The recent influx of crowdfunding opportunities has seen a plethora of investors tap a growing number of new opportunities by joining like-minded individuals – pooling their finances together towards a common goal. From rewards-based crowdfunding to equity crowdfunding and beyond, the model seems to have no signs of slowing down – and for good reason. It primarily allows smaller-scale investors to enter varying industries at a fraction of the cost, in turn reducing risk. For those with deeper pockets, it allows for diversification.
As with any revolutionary introduction that disrupts a particular industry, crowdfunding has seen a series of remarkable deal-closures over the span of the last few years. Here’s taking a look at some of them that have garnered considerable attention across different crowdfunding platforms:
The likes of Kickstarter and Indiegogo have paved the way for smaller-scale investors and start-ups to test the water in this growing area of obtaining and providing funding via the World Wide Web. The concept basically involves many members of the public contributing to a cause or innovation where they are later offered a reward – more often than not the product they are funding itself.
The Pebble Smart watch is one example where total pledged figures far surpassed their initial goal – over US$20 Million was accumulated with an initial requirement of half-a-million. The founders used the platform to market their product to the masses, successfully leveraging bloggers and a media partner to spread the word of their venture – in the process creating a sound brand identity across the tech community and beyond.
Gaining much interest of late for several reasons, this form of crowdfunding has seen some relatively attractive funding amounts gathered for start-ups. This involves investors contributing larger amounts of funds towards business ideas in return for equity in the business itself.
Elio Motors – an automobile company founded by Paul Elio in 2009 – would have to be of mention here, managing to raise North of a whopping US$17 million in what was to allow for the first equity- crowdfunded company ever to be publicly listed. If that was not enough, the company boasts a valuation of over US$1 billion (as of March 2016). Impressive.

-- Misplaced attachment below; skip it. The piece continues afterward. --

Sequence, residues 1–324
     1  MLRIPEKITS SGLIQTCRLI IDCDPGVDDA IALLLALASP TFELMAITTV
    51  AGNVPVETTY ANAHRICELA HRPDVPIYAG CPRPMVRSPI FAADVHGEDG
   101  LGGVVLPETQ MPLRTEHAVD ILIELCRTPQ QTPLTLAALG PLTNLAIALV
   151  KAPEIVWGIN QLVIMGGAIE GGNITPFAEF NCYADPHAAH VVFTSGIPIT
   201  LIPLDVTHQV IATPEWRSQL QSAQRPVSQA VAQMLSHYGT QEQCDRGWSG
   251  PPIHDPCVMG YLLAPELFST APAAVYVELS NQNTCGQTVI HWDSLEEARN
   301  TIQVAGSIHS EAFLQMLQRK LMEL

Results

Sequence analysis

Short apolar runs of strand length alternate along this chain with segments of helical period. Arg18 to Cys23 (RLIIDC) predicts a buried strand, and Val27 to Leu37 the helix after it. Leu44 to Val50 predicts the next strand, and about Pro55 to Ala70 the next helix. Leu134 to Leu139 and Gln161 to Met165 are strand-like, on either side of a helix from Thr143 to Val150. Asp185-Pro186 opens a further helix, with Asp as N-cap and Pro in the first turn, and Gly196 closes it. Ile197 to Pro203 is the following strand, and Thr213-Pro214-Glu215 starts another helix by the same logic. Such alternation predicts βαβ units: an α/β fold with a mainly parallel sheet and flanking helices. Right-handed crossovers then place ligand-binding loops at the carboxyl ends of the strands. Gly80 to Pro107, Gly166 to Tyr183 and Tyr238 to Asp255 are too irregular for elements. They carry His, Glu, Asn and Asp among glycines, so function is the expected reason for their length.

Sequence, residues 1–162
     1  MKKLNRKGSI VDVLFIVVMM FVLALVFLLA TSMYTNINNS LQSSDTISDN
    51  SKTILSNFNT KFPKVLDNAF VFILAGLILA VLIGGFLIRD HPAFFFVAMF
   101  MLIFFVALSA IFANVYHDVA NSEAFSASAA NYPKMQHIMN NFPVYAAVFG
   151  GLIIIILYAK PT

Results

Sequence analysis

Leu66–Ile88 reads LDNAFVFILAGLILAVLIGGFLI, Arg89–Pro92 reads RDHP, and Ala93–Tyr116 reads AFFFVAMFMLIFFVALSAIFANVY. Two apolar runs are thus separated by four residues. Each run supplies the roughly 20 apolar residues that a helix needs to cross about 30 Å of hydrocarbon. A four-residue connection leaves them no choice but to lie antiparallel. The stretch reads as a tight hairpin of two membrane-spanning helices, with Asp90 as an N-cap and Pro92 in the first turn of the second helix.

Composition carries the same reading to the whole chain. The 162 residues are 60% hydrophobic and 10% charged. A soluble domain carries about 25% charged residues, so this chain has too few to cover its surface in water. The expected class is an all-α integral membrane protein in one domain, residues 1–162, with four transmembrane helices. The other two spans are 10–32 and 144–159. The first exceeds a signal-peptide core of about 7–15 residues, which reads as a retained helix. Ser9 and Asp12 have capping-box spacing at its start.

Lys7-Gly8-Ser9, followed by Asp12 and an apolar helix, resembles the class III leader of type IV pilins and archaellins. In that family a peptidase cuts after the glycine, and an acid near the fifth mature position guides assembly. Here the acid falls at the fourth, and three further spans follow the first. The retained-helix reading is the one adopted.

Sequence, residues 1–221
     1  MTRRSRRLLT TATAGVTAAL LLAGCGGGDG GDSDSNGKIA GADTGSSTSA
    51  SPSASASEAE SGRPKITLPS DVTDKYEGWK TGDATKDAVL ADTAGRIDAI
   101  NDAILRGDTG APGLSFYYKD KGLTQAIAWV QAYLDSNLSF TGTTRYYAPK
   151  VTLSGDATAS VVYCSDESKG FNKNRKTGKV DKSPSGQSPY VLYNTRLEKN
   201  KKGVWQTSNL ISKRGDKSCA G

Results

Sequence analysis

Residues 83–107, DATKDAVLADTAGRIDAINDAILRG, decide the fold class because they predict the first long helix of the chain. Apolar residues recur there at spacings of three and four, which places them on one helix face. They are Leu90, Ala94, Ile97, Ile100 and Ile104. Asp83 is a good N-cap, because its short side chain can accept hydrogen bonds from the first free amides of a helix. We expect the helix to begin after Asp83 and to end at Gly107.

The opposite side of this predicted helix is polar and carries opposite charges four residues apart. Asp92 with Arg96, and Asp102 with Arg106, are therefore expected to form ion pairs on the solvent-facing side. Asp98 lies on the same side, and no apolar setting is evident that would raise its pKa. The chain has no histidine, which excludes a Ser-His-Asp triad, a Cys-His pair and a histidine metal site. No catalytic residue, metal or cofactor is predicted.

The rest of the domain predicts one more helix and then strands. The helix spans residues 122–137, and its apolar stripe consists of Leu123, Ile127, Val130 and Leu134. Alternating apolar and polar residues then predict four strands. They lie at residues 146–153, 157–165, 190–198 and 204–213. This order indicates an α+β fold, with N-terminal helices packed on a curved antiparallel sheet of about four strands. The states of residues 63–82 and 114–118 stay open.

Allowing a growing number of investors to enter the property market at a fraction of the cost associated with the industry, real-estate crowdfunding promises to gain even more traction over the next several years. As the name suggests, the process involves investors collectively pooling money together to finance property projects.
Touted as the world’s first crowdfunded skyscraper built in 2015 – BD Bacatá skyscraper complex – a tower located in Bogota, the capital of Columbia, represented a new model for funding big building projects, with smaller donations from thousands of individual investors, rather than a handful of majors.
Not to be confused with equity crowdfunding, debt-based crowdfunding essentially allows investors to receive a debt instrument that gets repaid with interest. It is also often referred to as peer-to-peer lending.
Among the various examples of investors that have seen potential in this model is the example of UK based Industrial Metal Services (IMS) that managed to obtain over GBP 45 Million in 2016 through Nucleus Commercial Finance. This was particularly remarkable due to the fact that the company was in a sector that was seen as one which came with its own risks dues to the steel climate at the time.
It makes sense that the crowdfunding model is only going to get stronger over the next few years. What needs to be decided from the investor and start-up point of view is which medium to choose based on their requirements.